One on One with Markus — Ron Arnold

Ron Arnold's company, Dalron, started as a family business back in 1969 when he borrowed six thousand dollars from his dad to start building some homes.

Arnold borrowed six thousand dollars from his dad to start building some homes back in 1969

Ron Arnold started the Sudbury construction company Dalron back in 1969. (Markus Schwabe CBC)

Ron Arnold's company, Dalron, started as a family business in Sudbury back in 1969 when he borrowed six thousand dollars from his dad to start building some homes.

Arnold was working as a teacher at St. Charles College at the time, but when he went back to finish his degree he started to wonder if building homes would be a better vocation. He'd built his camp that year and wondered if he might not make more money by building a house or two.

He was right. The first year he built 25 houses.

"I'd go out every day and learn, for example, by counting the number of blocks that went into a foundation."

That first year, he had more work than money.

That's when Arnold gathered the courage to go to his suppliers and ask for a handout. He stared with Nick Naneff at Rainbow Concrete.

He admited to Naneff that he couldn't pay him for the materials. "He said, 'Ron how many blocks do you need? The blocks are better on your houses than in my yard. Take as many as you want.'"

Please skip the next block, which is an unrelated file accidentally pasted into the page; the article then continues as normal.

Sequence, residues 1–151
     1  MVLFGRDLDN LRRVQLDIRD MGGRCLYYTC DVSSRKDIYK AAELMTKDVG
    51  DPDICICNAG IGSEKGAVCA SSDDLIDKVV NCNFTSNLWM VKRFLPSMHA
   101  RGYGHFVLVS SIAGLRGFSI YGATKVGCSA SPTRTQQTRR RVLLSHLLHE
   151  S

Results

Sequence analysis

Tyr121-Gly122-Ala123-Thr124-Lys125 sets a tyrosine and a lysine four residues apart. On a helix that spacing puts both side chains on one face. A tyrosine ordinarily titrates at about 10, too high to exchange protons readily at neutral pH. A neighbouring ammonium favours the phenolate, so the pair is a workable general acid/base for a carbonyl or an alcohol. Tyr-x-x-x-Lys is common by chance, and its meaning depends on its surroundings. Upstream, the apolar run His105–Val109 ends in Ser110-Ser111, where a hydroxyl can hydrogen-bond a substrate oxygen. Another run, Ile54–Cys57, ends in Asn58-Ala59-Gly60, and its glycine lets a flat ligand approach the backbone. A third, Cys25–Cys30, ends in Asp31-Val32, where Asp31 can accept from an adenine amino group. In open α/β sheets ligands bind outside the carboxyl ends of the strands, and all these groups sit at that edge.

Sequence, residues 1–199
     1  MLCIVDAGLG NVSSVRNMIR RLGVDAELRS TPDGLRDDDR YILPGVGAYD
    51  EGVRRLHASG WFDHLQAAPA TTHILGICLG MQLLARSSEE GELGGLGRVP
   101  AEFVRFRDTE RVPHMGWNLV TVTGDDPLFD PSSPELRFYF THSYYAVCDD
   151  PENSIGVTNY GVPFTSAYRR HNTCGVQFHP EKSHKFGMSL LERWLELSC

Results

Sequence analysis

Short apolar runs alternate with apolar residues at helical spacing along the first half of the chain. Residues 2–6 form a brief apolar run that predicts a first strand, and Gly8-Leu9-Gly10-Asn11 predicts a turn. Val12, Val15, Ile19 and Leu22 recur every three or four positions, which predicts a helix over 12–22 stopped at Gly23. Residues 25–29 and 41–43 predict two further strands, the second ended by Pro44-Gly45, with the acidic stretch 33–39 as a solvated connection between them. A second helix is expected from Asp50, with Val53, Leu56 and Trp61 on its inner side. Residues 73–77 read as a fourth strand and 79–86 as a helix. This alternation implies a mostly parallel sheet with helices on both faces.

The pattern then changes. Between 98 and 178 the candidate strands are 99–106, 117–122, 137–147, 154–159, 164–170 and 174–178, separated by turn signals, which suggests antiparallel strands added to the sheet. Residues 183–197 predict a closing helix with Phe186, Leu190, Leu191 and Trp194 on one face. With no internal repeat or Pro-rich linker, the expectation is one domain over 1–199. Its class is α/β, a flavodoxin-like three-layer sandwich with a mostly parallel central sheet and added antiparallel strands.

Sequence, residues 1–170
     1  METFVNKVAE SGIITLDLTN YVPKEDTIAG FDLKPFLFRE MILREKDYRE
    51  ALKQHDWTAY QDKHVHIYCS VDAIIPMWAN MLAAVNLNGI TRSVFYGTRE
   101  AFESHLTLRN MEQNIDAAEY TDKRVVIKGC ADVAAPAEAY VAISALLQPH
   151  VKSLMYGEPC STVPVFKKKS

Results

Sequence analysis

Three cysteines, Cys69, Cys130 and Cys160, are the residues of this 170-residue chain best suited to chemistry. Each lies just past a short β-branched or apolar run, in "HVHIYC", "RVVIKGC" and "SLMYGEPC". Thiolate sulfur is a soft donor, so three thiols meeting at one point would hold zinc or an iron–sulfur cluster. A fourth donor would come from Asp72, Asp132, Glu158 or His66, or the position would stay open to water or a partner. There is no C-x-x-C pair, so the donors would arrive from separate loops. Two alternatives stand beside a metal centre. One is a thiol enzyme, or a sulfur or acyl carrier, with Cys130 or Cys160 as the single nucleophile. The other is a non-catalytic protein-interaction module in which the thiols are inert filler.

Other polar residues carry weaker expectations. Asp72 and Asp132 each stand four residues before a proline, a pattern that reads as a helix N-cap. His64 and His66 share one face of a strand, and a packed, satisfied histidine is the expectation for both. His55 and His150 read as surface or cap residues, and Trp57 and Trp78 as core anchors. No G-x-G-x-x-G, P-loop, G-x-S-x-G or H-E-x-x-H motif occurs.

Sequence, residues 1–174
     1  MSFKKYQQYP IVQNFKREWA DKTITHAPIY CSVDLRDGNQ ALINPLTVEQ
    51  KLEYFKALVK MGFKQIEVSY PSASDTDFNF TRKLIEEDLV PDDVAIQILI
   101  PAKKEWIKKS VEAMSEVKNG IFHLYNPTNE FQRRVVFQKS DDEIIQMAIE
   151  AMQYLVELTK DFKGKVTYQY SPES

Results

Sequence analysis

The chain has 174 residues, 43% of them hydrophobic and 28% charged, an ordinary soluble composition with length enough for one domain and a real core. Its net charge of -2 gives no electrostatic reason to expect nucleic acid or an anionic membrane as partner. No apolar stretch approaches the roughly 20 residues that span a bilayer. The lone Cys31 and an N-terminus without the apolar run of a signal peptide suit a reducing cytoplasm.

"At that time, trust was a major part of it," said Arnold. He went on to ask the same of other suppliers who all followed suit.

Arnold is quick to point out that he couldn't have done any of it without the support of his wife, Bonnie. Arnold says one year she said to him, "Ron do you realise you've worked 365 days in a row without a day off? What woman would put up with that?"

Arnold says he also depends on his brothers and other family members like his own children, who help run the business.

When asked why the business isn't the family name, Arnold explains. "I was too shy to use the name Arnold and I didn't want to use the name Ronald. Each one of those names has the same six letters. So I reorganized them to make Dalron."

As for the future of the company, Arnold says if the economy turns, and he fully expects it will, they have plenty of land to start developing on. One spot he has in mind is 70 acres he owns across the street from Laurentian University.

With files from Markus Schwabe